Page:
Georgian Bay, said to be the '6th Great Lake', freezes in part over the winter, as do all the Great Lakes. This year the ice cover is extensive, for the 2nd year in a row. But it's still intriguing how the ice behaves, and how it comes and goes along the shoreline.
It was a dark grey day when I was there about 2 weeks ago, and snowing steadily as you can see. The gap between the park where I usually stop and the breakwall with the small light on it was decorated with lots of small ice floes and bits.
Georgian Bay was still open, but a lot of loose ice had been pushed in to the shore by the wind, none of it looking very solid!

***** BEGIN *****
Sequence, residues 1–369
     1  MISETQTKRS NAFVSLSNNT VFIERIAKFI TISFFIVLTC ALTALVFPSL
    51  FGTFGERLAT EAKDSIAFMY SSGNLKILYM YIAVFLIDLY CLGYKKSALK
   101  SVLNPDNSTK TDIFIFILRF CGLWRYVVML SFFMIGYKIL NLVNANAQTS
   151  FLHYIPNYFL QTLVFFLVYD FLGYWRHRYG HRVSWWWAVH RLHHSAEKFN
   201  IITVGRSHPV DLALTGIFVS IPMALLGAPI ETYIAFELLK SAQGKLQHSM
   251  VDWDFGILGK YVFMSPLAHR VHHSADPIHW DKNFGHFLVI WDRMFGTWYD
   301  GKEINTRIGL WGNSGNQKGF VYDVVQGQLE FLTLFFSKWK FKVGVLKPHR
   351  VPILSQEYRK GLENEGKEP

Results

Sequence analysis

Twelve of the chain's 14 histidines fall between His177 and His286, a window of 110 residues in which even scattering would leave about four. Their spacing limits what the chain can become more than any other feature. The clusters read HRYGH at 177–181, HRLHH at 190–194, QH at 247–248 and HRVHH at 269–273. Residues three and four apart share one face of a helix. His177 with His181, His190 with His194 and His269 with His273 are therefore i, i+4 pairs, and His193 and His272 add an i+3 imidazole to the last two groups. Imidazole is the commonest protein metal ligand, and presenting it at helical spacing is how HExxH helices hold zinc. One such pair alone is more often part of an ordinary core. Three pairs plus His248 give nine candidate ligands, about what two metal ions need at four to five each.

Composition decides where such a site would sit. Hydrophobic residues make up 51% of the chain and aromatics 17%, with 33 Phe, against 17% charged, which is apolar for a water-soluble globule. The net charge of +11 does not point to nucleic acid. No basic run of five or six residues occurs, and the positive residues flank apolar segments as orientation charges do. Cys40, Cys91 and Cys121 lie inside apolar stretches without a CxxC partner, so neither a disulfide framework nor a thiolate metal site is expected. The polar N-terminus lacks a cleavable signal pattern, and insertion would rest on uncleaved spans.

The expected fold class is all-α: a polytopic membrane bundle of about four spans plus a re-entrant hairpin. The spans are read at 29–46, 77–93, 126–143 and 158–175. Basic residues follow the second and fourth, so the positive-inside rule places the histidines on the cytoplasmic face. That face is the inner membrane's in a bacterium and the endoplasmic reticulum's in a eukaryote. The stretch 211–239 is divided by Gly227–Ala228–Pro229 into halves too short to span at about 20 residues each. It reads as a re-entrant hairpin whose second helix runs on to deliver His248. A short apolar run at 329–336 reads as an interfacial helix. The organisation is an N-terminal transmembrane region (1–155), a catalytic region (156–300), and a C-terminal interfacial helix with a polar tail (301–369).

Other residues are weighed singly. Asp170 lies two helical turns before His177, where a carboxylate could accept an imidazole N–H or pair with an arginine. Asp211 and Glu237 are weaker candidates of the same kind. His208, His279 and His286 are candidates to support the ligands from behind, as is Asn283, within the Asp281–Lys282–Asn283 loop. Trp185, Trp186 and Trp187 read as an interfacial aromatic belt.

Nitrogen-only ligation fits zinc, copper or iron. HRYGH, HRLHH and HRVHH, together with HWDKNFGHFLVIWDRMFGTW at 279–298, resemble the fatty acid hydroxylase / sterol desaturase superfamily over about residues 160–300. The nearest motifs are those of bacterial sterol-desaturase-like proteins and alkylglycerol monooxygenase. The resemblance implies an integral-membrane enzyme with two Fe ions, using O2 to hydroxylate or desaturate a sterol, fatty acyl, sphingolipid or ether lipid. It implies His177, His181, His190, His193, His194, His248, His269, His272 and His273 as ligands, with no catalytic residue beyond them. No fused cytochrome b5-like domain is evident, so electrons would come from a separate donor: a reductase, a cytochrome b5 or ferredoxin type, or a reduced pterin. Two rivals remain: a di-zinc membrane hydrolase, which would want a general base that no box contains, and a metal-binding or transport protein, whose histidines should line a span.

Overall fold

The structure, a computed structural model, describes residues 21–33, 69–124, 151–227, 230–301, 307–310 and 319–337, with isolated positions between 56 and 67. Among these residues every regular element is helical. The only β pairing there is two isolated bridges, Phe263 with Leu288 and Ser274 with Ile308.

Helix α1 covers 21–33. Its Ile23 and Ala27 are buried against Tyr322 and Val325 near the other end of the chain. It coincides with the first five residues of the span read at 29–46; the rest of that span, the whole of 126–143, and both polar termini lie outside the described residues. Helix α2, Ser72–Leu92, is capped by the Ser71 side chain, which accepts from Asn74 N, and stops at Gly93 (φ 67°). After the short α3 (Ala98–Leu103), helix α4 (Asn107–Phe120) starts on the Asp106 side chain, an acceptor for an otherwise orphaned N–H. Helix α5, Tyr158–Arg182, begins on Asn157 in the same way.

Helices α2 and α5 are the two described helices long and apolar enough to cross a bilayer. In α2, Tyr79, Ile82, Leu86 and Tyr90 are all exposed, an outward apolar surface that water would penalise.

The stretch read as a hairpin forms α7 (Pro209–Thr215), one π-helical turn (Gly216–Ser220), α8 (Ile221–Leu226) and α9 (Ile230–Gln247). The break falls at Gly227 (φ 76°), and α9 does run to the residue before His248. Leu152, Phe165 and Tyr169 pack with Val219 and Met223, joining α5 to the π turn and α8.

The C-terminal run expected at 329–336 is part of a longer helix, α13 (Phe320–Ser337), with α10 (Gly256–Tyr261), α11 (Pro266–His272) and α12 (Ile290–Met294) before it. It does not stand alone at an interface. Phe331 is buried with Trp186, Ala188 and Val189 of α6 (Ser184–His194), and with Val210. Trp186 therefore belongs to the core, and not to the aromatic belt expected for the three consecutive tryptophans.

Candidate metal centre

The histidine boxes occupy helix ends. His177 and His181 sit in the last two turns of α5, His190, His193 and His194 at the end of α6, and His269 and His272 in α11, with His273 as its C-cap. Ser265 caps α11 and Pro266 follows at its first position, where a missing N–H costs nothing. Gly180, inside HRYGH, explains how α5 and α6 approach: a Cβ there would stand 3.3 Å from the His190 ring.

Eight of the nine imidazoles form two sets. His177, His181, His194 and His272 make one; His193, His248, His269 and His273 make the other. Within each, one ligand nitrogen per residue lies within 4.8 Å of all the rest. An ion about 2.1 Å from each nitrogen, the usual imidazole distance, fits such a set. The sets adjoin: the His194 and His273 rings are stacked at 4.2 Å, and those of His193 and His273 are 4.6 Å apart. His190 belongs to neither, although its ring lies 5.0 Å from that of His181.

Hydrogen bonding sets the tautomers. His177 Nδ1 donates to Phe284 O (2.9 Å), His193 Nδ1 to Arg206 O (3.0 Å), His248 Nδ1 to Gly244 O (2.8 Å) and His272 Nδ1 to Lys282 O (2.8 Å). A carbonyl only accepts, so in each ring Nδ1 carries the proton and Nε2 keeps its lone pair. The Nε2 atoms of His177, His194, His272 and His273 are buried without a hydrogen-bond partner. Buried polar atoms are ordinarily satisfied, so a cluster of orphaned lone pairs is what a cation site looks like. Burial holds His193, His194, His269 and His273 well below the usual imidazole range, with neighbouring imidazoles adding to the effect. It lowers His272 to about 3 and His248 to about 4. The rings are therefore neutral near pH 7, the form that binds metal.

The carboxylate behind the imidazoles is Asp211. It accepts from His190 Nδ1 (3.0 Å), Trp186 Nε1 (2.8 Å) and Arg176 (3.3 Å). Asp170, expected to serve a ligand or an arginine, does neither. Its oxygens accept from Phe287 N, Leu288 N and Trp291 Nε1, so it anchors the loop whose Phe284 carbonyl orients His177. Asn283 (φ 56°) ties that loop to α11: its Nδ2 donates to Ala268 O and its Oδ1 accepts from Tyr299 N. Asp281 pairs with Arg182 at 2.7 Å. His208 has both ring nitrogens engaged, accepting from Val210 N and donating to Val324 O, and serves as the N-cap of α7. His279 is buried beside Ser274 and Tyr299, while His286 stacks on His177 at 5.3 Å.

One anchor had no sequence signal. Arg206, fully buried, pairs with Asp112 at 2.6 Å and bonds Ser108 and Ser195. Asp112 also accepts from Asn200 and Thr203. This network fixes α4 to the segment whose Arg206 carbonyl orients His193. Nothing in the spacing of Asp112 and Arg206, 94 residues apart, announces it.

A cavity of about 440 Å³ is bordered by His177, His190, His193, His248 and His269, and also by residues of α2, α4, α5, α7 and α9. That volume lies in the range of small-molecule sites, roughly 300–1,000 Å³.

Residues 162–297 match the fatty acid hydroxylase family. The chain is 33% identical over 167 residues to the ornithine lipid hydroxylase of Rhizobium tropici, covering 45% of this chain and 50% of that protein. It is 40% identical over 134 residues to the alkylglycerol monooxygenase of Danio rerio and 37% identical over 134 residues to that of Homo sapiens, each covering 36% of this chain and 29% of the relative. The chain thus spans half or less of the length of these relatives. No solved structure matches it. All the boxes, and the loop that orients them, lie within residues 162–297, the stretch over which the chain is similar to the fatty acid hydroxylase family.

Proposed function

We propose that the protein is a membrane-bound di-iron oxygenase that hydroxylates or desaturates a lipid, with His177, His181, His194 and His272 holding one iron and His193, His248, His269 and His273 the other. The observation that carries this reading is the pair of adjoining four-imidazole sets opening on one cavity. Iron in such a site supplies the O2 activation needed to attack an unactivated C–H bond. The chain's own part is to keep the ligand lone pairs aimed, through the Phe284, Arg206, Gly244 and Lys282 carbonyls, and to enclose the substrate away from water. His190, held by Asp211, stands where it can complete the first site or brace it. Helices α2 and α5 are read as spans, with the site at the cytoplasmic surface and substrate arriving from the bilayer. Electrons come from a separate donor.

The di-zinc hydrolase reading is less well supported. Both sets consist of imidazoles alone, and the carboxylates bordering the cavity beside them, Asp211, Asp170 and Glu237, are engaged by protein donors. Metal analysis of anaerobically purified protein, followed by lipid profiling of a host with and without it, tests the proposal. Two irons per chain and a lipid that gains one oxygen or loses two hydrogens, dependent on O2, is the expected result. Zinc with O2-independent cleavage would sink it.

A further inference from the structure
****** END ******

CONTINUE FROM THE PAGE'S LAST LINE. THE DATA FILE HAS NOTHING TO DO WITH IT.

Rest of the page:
And here is the view a few days later, with Georgian Bay frozen solid as far as you can see. I didn't climb over the 5 foot snowbank and trudge through the 2 foot deep snow to get exactly the same view!
I don't even remember noticing this cannon before (it should be pretty obvious!), but there it is guarding the harbour.
And here is that gap between the park and the breakwall a few days later, completely white.
The fact is that the entire sheet of ice on the bay shifts back and forth, sometimes bringing ice right to the shore, and sometimes leaving a band of open water, while the ice is pushed hard against the opposite shore. This satellite view (with credit to the Weather Channel), shows Georgian Bay and much of Lake Huron almost completely covered in ice, but with a narrow band of dark open water partway through the bay where the ice sheet has broken as it shifts.